I have heard rumors of a "Java OS". I've never tried it myself, but it made me curious. Is it possible to have a kernel written in Java? And if so, how would someone go about making one? Pointers to readings, tutorials, etc. would be greatly appreciated.
It isn't possible to write a whole operating system in Java---well, at least if that code is then translated into Java bytecode. The reason is simple: the operating system needs to communicate directly with the hardware in the system (CPU, RAM, mobo controllers, PCI cards etc.). But Java bytecode is a platform-neutral set of instructions, so isn't in a form directly compatible with the CPU, nor does it provide the ability to communicate with the low-level hardware directly. So ultimately you'd need some layer written in the CPU's instruction set to execute basic commands. Once you'd done that you could write a Java bytecode-to-assembly JIT interpreter or compiler for your architecture, and then simple Java instructions could be executed. That would lay the foundation for the rest of the OS.
The fundamental point here is that you need a JVM to run Java bytecode in. That JVM has to be written either for another operating system and let that OS take care of the low-level instructions (as most are at the moment), or written directly for a processor set. The latter would pretty much constitute a "Java OS", but you can't write the JVM in Java, or we'd be going round in circles! The jnode project is an example "Java OS", and it has modules written in x86 assembly to provide the necessary native code.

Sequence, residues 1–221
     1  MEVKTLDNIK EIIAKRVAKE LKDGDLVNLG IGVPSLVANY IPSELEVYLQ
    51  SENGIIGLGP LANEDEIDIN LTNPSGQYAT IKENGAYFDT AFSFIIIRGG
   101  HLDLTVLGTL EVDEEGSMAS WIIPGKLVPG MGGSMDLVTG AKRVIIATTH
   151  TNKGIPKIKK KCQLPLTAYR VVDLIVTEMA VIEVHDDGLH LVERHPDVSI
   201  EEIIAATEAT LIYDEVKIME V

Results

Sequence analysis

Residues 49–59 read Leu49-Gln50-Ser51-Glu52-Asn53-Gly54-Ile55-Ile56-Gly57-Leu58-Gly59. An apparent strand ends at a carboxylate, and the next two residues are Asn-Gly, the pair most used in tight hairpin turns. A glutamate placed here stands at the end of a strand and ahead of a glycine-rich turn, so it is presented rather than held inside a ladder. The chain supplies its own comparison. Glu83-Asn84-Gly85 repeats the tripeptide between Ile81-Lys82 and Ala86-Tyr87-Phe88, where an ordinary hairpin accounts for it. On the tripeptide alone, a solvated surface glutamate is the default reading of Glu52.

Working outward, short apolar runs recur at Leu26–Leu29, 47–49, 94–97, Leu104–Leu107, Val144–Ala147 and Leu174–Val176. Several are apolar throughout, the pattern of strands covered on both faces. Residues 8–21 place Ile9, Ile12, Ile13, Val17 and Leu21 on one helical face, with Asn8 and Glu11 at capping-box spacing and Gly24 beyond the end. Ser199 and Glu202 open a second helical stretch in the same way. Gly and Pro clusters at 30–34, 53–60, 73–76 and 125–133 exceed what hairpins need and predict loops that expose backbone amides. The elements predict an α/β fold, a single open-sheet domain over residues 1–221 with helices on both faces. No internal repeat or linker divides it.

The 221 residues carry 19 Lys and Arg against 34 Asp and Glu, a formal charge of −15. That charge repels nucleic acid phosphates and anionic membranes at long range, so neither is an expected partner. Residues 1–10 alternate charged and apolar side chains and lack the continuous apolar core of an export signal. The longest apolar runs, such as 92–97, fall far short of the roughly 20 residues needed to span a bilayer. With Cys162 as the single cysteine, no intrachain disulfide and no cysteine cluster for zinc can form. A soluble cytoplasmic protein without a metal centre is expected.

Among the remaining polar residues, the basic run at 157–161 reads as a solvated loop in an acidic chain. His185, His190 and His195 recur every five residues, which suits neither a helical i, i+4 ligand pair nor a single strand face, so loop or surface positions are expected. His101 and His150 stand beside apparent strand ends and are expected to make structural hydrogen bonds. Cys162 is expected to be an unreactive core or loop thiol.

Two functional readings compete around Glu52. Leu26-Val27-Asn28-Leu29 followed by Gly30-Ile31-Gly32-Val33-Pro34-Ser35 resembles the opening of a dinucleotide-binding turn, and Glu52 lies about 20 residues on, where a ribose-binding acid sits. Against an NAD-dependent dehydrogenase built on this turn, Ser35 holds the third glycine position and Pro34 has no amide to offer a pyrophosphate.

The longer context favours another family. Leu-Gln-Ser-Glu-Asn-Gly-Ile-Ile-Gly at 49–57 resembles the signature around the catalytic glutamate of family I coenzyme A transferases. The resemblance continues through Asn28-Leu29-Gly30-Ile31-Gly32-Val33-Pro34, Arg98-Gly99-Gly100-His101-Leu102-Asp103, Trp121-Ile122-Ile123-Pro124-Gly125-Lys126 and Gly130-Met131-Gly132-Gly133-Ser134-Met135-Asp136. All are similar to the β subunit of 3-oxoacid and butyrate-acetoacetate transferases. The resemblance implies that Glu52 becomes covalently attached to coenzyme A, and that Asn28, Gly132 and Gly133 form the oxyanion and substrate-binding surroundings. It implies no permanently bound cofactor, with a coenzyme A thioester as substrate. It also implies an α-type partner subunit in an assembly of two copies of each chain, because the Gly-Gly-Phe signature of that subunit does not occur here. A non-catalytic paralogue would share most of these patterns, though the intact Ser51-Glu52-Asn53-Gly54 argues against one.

There are other concerns too of course: like driver compatibility, portability, development and support, provision of various APIs like graphics and networking---the existing JVMs use well-established OS libraries, and it's a lot of work to duplicate those. Ultimately you lose a lot of that by writing a new OS just for Java.
Of course, as a human you could write the entire OS in Java source code or bytecode, if you had a way to turn the result into assembly for your particularly processor (as per GCJ)... but then it's not really Java, is it?!
Charles Lyons (SCJP 1.4, April 2003; SCJP 5, Dec 2006; SCWCD 1.4b, April 2004)
Author of OCEJWCD Study Companion for Oracle Exam 1Z0-899 (ISBN 0955160340 / AmazonAmazon UK )
Performance of java as compared to c or fortan is not satisfactory. If OS is developed in Java then it will have serious performance issues. We can see the following chart to have an idea of the performance of java with other languages.
Originally posted by Himanshu Gupta: [QB]Performance of java as compared to c or fortan is not satisfactory. If OS is developed in Java then it will have serious performance issues. We can see the following chart to have an idea of the performance of java with other languages.
Interesting comparison, but a couple of points: (1) This benchmark doesn't show any huge disadvantage of recent JVMs (e.g. Java 5 Server VM) as it's almost as good as C/C++ with the huge added advantage of bytecode portability (if you need it); (2) does this really add anything to the discussion of a fundamentally Java OS? Surely an operating system built with Java in mind from the outset (rather than having to use JNI and to interface with other external OS code) would be optimised sufficiently that it is that slight bit faster than a JVM running on another OS? Just a thought.